Ros. Nay, now thou goest from Fortune's office to Nature's Fortune reigns in gifts of the world, not in the lineaments of Nature.
Cel. No when Nature hath made a fair creature, may she not by Fortune fall into the fire? Though Nature hath given us wit to flout at Fortune, hath not Fortune sent in this fool to cut off the argument?
Ros. Indeed, there is Fortune too hard for Nature, when Fortune makes Nature's natural the cutter-off of Nature's wit.
Ros. Where learned you that oath, fool? Touch. Of a certain knight that swore by his honour they were good pancakes, and swore by his honour the mustard was naught: now, I'll stand to it, the pancakes were naught and the mustard was good, and yet was not the knight forsworn. 70
Cel. How prove you that, in the great heap of your knowledge?
the little wit that fools have was silenced, the
Cel. Which he will put on us, as pigeons feed their young.
Ros. Then shall we be news-crammed.
Cel. All the better; we shall be the more marketable.
Ros. Ay, marry: now unmuzzle your wisdom. Touch. Stand you both forth now: stroke your chins, and swear by your beards that I am a knave. Cel. By our beards, if we had them, thou art. Touch. By my knavery, if I had it, then I were; but if you swear by that that is not, you are not forsworn no more was this knight, swearing by his honour, for he never had any; or if he had, he had sworn it away before ever he saw those pancakes or that mustard. 82
Cd. Prithee, who is 't that thou meanest ? Touch. One that old Frederick, your father,loves. Cel. My father's love is enough to honour him. Enough! speak no more of him; you'll be whipped for taxation one of these days.
Touch. The more pity, that fools may not speak wisely what wise men do foolishly.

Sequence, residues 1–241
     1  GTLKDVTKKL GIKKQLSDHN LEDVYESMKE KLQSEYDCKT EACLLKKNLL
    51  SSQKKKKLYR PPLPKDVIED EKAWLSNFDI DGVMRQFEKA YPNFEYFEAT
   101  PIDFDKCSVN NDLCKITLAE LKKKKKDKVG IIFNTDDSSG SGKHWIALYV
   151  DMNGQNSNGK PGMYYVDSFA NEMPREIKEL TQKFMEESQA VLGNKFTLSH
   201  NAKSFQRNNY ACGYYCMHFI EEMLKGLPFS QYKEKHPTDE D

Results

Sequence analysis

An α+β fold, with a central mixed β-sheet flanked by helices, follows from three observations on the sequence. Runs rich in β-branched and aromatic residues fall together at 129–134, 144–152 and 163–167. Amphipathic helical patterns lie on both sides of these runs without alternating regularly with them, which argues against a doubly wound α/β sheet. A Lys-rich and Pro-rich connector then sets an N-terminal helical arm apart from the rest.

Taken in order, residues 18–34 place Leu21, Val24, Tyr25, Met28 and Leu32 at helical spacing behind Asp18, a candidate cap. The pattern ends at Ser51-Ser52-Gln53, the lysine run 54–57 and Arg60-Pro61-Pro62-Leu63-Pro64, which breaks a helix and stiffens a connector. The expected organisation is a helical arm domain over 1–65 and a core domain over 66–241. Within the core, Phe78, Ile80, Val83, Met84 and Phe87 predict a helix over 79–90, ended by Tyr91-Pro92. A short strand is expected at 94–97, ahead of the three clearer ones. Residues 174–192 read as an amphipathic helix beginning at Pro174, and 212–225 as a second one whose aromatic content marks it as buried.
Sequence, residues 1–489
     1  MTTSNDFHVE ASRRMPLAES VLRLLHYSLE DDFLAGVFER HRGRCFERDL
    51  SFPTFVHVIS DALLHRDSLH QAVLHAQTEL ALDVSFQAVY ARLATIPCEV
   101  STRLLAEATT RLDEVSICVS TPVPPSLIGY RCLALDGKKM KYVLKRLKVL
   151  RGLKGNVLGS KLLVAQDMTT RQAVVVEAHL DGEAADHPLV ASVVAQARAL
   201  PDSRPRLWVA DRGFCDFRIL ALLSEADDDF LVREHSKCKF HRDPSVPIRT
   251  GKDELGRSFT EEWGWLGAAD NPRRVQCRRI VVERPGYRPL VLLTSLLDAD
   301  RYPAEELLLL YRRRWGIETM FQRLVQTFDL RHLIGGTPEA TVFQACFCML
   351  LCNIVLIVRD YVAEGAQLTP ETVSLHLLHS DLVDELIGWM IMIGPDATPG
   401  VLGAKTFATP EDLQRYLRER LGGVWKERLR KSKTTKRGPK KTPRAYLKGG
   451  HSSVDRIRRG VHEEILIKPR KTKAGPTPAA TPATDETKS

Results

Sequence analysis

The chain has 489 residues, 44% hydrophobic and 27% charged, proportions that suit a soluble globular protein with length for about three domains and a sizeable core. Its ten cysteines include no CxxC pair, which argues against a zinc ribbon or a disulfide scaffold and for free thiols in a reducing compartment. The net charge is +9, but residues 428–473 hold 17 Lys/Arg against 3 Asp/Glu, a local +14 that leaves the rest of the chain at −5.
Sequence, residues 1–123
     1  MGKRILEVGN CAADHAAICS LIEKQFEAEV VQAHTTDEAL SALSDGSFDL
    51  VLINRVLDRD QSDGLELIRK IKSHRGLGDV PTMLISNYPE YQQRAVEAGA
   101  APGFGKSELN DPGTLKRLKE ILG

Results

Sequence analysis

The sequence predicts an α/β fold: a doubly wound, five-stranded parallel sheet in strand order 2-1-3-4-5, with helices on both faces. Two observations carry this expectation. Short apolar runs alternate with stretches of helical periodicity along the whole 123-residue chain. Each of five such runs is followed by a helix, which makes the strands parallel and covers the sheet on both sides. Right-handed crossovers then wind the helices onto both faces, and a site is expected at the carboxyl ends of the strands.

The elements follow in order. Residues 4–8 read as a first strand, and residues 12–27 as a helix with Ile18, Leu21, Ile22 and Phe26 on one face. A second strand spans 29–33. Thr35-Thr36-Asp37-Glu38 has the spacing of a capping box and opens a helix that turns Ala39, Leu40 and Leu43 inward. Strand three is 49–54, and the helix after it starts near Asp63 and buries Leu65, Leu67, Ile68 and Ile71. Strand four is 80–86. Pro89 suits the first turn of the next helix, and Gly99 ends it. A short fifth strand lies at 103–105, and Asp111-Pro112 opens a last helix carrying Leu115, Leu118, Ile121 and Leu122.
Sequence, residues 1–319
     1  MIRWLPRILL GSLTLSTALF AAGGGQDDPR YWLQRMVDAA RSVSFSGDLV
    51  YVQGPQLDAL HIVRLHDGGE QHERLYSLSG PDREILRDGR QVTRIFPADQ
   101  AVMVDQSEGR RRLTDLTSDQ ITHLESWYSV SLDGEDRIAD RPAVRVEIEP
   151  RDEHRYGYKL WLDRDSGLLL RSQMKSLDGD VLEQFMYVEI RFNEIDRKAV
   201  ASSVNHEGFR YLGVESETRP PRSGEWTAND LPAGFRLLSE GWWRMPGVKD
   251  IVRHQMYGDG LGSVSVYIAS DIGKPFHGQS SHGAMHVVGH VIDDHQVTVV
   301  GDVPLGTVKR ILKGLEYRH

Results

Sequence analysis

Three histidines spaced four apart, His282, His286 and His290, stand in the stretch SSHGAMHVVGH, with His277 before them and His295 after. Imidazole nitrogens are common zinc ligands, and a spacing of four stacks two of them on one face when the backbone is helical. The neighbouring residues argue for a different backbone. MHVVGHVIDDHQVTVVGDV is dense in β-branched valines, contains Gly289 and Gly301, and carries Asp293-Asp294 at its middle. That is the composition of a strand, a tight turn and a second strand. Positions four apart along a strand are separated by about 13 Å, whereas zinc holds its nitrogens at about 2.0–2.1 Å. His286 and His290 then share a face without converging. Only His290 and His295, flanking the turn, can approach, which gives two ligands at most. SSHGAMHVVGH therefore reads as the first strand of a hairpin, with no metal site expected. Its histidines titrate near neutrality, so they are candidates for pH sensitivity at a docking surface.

Cel. By my troth, thou sayest true; for since
Ros. Yet tell us the manner of the wrestling. Le Bean. I will tell you the beginning; and. if it please your ladyships, you may see the end, for the best is yet to do; and here, where you are, they are coming to perform it.
Cel. Well, the beginning, that is dead and buried. Le Beau. There comes an old man and his three sons, —
Cl. I could match this beginning with an old tale.
Cel. Peradventure this is not Fortune's work neither, but Nature's; who perceiving our natural wits too dull to reason of such goddesses, hath sent this natural for our whetstone: for always the dulness of the fool is the whetstone of the wits. How now, wit! whither wander you? Touch. Mistress, you must come away to your father.
Le Beau. Three proper young men, of excellent growth and presence ;
Ros. With bills on their necks, Pe it known unto all men by these presents.'
Le Beau. The eldest of the three wrestled with Charles, the duke's wrestler; which Charles in
Cd. Were you made the messenger? Touch. No, by mine honour; but I was bid a moment threw him and broke three of his to come for you. ribs, that there is little hope of life in him: so he served the second, and so the third. Yonder they lie; the poor old man, their father, making such pitiful dole over them that all the beholders take his part with weeping.
Touch. Or as the Destinies decree.